The abdominal cavity and all of the structures within it are covered by a thin serous membrane called the peritoneum. This membrane secretes serous fluid which acts as a lubricant for the organs within the abdominal cavity allowing it to move against one another or on each other freely. The peritoneum is one continuous membrane that runs throughout the body. The peritoneum has different names depending on the part of the body it is in. The visceral ligaments attach organs to the body wall or to another organ. The greater omentum is a double fold of peritoneum that attaches the stomach to the transverse colon while the lesser omentum attaches the stomach to the liver. The messentary is a double fold of peritoneum that attaches the intestines to the posterior abdominal cavity.

Knowing where the peritoneal ligaments are and where they attach helps physical therapists understand the motions of the organs and where our manipulations should be directed. When we treat the mobility of an organ, we stretch and release tension within the visceral ligaments. Visceral ligaments have a rich nerve supply. By releasing a restriction within the visceral ligaments, we harmonize this tissue, and via the nervous system, have an effect on the proprioceptive communication in the body.

Mobility of the hollow organs of the stomach, small intestine, and colon can be affected by direct pressures, pulls, and twists. These abdominal forces can create irritation and spasm resulting in problems with digestion, absorption and elimination as well as impaired vascular and lymphatic function. When the body is no longer bound in a pattern from a restriction of the viscera, it can move with greater ease, increase its ability to adapt to its environment, and have greater health.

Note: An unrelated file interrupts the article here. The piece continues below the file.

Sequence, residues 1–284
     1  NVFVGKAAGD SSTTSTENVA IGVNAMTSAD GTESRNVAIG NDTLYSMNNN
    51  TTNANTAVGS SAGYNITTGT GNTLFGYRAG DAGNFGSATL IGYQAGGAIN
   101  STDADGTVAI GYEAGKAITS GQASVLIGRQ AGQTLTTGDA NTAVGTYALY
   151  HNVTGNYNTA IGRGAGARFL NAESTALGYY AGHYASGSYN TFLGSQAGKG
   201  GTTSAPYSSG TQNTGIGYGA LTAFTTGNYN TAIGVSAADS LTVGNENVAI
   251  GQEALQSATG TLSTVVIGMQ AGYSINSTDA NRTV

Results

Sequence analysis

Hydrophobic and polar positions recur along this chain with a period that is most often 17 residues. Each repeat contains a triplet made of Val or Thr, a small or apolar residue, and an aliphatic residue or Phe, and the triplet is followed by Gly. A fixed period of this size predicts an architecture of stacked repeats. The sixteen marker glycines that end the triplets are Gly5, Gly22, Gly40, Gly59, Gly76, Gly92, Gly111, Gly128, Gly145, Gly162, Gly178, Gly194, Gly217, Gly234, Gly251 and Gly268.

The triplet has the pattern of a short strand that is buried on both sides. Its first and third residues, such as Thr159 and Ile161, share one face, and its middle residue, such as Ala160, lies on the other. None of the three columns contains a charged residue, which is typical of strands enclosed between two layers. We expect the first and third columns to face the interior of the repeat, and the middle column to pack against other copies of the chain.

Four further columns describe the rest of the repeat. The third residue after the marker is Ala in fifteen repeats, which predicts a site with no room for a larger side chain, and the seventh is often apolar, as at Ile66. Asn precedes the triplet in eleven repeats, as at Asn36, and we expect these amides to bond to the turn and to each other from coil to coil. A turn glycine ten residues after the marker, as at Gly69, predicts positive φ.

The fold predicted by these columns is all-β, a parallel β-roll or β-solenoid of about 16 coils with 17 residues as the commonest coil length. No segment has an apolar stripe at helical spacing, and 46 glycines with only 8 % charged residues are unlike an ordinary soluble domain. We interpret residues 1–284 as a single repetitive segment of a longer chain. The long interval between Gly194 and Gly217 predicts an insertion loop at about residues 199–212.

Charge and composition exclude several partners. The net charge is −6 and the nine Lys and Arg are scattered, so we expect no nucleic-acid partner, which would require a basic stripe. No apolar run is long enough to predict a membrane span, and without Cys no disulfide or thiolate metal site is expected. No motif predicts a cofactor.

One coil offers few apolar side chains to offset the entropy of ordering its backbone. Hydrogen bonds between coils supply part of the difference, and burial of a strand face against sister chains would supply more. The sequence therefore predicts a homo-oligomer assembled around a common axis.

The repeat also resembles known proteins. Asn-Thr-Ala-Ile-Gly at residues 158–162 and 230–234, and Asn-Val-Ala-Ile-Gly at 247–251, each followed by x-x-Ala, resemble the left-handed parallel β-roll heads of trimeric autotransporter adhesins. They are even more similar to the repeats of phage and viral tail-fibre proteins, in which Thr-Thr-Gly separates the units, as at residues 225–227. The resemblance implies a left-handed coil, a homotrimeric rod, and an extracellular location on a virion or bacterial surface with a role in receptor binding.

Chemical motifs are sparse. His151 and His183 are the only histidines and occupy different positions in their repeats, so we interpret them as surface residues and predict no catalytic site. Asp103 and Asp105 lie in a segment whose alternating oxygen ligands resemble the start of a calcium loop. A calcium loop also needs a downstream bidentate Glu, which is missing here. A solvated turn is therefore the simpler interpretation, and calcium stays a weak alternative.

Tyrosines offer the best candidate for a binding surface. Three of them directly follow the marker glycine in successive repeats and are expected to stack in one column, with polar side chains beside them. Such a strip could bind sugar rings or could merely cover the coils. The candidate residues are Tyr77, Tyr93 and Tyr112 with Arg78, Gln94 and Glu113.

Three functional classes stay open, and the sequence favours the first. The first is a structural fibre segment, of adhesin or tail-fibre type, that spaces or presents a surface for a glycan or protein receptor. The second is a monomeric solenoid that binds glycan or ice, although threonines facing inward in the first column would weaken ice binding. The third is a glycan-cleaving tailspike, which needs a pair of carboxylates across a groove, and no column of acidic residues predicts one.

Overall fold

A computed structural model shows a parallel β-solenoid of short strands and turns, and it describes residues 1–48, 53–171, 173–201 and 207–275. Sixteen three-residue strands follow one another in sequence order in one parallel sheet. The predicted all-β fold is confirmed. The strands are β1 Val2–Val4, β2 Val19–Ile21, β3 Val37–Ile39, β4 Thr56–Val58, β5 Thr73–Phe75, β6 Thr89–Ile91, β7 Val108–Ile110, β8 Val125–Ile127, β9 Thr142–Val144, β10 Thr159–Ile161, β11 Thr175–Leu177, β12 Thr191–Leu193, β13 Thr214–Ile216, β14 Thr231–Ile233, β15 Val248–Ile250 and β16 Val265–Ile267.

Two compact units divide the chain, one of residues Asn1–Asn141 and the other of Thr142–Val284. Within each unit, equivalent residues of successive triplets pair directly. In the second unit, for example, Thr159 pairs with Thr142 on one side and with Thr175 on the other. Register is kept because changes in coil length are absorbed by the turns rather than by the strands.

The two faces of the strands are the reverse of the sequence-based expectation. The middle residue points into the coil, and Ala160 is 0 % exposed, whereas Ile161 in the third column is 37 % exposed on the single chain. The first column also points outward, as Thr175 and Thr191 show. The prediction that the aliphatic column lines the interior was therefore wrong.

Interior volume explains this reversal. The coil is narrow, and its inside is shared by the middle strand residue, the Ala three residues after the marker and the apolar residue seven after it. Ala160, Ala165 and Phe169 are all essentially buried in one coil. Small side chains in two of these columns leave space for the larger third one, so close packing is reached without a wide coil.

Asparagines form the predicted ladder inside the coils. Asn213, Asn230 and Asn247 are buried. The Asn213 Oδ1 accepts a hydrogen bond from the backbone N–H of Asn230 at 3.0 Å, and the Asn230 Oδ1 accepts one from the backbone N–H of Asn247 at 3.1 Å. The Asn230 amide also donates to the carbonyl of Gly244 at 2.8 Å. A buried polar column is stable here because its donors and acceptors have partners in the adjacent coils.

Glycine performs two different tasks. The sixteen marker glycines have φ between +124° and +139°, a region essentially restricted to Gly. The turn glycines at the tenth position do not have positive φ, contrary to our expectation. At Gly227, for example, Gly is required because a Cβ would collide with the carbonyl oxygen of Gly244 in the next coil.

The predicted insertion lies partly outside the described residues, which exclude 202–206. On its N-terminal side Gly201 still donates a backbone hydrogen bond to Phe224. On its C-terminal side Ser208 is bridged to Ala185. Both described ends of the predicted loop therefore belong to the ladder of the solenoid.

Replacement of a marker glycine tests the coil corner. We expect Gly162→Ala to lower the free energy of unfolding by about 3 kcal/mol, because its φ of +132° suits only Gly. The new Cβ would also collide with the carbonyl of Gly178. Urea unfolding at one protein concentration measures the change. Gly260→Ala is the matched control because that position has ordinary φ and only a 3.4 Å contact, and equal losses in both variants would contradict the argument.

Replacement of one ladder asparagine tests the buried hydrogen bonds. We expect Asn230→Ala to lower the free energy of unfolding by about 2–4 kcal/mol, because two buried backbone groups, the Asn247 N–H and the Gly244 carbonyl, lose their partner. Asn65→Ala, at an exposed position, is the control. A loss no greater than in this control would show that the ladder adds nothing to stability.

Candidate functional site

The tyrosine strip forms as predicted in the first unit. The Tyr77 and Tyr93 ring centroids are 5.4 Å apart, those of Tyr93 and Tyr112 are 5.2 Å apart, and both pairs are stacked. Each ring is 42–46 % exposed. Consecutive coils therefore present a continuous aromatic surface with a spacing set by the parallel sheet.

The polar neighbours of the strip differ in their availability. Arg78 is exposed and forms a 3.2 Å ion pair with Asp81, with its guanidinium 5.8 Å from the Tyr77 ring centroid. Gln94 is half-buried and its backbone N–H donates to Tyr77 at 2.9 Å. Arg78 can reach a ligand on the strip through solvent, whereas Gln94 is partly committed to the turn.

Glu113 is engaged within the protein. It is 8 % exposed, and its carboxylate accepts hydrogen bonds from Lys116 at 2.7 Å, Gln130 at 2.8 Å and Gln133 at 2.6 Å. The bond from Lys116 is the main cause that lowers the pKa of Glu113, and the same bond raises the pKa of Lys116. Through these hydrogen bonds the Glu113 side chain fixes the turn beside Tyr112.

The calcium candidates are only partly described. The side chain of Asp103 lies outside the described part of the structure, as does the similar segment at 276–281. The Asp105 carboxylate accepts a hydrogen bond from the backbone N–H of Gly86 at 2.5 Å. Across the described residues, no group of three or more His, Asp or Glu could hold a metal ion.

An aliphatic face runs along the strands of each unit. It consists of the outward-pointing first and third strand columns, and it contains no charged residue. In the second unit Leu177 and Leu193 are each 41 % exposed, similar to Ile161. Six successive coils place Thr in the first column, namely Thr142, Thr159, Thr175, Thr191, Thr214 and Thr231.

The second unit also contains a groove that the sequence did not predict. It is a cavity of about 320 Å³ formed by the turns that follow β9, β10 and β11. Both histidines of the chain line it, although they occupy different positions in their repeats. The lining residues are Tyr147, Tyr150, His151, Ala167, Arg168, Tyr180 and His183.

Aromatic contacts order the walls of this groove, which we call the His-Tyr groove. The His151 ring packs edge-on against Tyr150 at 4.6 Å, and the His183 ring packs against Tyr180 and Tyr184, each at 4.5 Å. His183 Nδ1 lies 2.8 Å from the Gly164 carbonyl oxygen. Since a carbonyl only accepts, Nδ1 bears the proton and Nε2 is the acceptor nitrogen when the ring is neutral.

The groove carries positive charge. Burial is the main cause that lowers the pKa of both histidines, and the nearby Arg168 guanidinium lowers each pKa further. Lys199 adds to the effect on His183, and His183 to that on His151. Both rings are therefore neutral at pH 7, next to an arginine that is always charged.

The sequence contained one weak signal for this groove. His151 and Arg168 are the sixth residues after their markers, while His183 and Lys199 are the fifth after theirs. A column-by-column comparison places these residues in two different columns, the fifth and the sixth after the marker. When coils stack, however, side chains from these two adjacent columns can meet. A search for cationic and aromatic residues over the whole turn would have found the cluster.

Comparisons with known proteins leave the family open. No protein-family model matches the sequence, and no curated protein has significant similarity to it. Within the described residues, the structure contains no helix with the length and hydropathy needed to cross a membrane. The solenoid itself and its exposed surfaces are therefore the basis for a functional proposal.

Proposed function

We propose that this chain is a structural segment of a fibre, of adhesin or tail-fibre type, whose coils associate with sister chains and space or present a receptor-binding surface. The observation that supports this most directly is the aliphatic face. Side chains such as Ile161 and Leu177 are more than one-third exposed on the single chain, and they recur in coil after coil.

Physical therapists are familiar with the feel of fascia and ligamentous restrictions that are interconnected with the mechanical restrictions from within the abdominal or pelvic cavities. Therapists are trained to feel the movement of the organ and its ligamentous attachment and how it relates to the structures adjacent to it or structures that may be in the extremities. Once a restriction is located, the therapist will use the organ to tension the ligament or tension the ligament itself. Once the correct tension is achieved, the release will follow. Some treatments will consist of following the organ through its normal movement and encouraging it to move a bit further in each plane. This is a much more gentle treatment, but is often helpful to “wake up” the organ and encourage it to return to its normal movement pattern.

Sometimes we can feel a “line of tension” that may extend across the body or into the extremities. Internal cavity restrictions that are connected to ligamentous or fascial restrictions in the leg or foot will not improve significantly unless both are addressed.

Visceral manipulation has taught me to look at the body as a whole entity. For 18 years, I treated spine patients with joint and soft tissue mobilization, looking at them only from behind. For the past five years, since I started my visceral manipulation training, I have wondered what is going on in front and how that relates to low back pain. I question patients about falls, car accidents, surgeries or any trauma. It is always interesting to me how my patients fail to mention certain injuries to me—my favorite, “my horse kicked me in the stomach”—and how these injuries may affect their progress with physical therapy. In November I look forward to taking a visceral manipulation cadaver dissection where I will be able to see the organs and their ligaments and lines of tension up close and personal!

Mary Boyd, MS, PT is the owner of Mountain View Physical Therapy and member of the Sandpoint Wellness Council. She can be reached at 290-5575 for questions or on the web

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Sandpoint Wellness Counci Sandpoint Wellness Counci The Sandpoint Wellness Council is an association of independent, complementary wellness practitioners located in Sandpoint dedicated to holistic health care. Pictured are: Owen Marcus, Penny Waters, Robin and Layman Mize, Ilani Kopiecki, Krystle Shapiro and Mario Roxas

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physical therapy, visceral manipulation, wellness